The stage was a revolving set, which naturally would not stop revolving when it was supposed to, and which provided for an uproariously funny, chaotic ending, which must have taken some real working out.  The audience were in stitches throughout, and any fears that I had had that I might be disappointed in Peter Pan Goes Wrong after the sheer hilarity of The Play That Goes Wrong, were soon dispelled.

Suffice to say that Mischief Theatre Company have got a fan for life, and I will definitely be going to see anything that they put on in future.  If you need a good belly laugh, get yourself along to one of their shows – you won’t be disappointed!

(For more information about Mischief Theatre Company, or Peter Pan Goes Wrong, please click here.)

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This film tells the story of J M Barrie, his friendship with the Llewellyn-Davies family, and how it inspired him to write his most famous work, Peter Pan, or The Boy Who Wouldn’t Grow Up.

At the beginning of the film, Barrie is a playwright whose last play flopped badly with audiences, and he needs a hit.  Dustin Hoffman plays Charles Frohman, a Theatre Manager and friend, who indulges Barrie by staging his works, but despairs of him ever writing anything successful again.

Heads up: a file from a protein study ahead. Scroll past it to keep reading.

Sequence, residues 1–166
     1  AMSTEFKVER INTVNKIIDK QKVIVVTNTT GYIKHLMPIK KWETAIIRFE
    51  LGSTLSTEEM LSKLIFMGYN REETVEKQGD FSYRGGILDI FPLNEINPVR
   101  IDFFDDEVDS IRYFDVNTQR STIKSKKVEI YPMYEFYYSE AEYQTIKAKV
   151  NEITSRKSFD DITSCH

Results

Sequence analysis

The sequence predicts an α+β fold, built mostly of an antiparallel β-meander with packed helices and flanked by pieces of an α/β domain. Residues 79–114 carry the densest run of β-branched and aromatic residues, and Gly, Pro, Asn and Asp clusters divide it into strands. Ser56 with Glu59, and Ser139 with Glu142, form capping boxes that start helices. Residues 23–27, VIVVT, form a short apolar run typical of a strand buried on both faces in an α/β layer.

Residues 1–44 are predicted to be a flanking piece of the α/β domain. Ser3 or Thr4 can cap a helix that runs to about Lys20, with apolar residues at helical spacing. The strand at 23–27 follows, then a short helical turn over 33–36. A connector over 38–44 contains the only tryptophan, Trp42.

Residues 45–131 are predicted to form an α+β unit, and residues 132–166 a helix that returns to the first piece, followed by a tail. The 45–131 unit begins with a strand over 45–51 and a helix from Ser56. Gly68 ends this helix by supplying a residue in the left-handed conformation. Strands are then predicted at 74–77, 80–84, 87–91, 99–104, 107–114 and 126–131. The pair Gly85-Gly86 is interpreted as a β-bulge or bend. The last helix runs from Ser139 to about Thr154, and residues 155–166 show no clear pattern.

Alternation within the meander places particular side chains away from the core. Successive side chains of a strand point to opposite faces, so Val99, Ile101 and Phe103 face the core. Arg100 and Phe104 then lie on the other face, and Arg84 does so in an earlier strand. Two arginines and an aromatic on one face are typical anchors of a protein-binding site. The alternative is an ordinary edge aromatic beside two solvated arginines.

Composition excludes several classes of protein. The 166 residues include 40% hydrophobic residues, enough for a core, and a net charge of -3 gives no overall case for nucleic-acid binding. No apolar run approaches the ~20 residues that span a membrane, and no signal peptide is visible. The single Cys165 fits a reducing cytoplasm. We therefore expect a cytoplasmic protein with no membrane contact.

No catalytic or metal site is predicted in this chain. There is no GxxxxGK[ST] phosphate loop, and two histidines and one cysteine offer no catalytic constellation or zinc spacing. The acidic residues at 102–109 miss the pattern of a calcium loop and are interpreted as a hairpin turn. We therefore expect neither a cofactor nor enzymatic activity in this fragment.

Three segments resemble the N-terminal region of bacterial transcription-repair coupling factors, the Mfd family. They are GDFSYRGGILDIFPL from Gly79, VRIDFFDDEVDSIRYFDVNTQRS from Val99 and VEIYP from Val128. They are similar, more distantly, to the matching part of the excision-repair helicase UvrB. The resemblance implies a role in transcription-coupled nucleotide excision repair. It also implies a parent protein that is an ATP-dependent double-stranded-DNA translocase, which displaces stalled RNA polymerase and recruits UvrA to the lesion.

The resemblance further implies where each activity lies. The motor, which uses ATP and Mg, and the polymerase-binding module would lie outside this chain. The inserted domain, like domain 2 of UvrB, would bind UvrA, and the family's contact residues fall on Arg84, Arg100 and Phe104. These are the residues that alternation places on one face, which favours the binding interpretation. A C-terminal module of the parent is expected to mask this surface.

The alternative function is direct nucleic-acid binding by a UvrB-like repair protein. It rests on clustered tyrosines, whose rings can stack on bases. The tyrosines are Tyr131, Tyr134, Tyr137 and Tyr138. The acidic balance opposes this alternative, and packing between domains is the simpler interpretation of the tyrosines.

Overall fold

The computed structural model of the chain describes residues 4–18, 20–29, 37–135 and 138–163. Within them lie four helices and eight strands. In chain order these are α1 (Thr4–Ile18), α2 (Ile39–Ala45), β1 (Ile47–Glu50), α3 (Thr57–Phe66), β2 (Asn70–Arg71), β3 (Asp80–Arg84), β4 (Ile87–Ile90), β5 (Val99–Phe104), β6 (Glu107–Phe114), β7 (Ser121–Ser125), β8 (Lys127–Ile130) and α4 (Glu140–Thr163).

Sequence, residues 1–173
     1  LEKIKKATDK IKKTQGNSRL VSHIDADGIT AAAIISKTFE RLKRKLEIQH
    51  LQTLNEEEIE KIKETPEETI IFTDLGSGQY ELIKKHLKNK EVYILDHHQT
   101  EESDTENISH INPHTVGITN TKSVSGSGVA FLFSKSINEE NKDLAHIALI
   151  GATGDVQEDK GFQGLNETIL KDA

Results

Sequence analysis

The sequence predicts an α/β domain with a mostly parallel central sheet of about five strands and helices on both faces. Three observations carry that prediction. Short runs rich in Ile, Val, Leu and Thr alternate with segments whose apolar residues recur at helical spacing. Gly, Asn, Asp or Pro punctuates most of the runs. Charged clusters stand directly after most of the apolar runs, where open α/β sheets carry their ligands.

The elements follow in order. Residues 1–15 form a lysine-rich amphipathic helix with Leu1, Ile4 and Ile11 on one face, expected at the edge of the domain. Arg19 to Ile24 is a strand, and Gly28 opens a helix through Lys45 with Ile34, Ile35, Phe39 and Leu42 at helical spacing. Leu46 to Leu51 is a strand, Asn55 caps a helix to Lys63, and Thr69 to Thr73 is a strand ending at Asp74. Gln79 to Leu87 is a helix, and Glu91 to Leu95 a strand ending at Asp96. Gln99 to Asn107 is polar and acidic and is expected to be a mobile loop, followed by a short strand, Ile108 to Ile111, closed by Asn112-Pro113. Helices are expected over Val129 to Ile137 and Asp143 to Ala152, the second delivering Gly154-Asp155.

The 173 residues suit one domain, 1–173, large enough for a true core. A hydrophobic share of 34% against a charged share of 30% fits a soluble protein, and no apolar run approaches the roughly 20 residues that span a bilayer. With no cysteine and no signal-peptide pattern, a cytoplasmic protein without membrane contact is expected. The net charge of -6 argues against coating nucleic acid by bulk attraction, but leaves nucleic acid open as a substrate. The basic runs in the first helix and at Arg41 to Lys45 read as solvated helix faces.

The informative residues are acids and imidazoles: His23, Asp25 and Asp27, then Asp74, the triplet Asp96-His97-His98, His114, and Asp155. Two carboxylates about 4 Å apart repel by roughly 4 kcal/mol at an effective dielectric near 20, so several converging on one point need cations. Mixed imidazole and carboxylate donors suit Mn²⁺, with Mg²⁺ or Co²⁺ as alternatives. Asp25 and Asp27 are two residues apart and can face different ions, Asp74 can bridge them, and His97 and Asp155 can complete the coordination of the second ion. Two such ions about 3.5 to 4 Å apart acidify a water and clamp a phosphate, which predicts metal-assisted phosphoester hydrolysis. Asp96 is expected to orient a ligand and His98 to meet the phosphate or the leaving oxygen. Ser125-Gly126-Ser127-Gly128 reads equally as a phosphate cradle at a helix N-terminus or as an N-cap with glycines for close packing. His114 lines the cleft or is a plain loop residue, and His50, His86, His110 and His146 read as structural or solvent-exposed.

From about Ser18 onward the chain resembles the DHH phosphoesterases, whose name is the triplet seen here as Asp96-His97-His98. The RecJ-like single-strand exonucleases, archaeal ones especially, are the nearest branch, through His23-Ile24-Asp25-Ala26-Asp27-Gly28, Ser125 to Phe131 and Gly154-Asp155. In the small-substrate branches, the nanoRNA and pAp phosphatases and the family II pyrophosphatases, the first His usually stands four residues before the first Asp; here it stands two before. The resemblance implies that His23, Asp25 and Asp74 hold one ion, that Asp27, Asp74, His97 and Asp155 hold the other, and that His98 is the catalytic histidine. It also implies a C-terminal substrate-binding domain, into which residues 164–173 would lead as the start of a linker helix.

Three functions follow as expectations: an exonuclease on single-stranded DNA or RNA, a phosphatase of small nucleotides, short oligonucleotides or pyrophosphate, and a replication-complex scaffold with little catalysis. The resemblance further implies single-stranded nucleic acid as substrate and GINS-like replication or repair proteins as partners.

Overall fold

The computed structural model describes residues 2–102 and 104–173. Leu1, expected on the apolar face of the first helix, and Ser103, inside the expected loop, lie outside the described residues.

Caught in an increasingly distant marriage, Barrie has a chance meeting with a the widow Sylvia Llewellyn-Davies and her four sons in the park, and becomes close to the family.  He especially feels an affinity with one of her sons Peter, who has taken the death of his father especially hard.  He starts work on his new play, drawing upon his time spent with the children, but more tragedy is just around the corner…

I thought this was a beautiful film.  Johnny Depp, as always, was simply wonderful, and his Scottish accent was pretty much perfect (had I not known otherwise, I would have believed that he was Scottish in real life).  Kate Winslett is also perfectly cast as Mrs Llewellyn-Davies, and Dustin Hoffman, Julie Christie (as Sylvia’s mother, who disapproves of the friendship between her daughter and Barrie) and Radha Mitchell (as Barrie’s wife Mary who is unhappy in her marriage and does not like her husband’s budding friendship with the LLewellyn-Davies family) provide very strong support.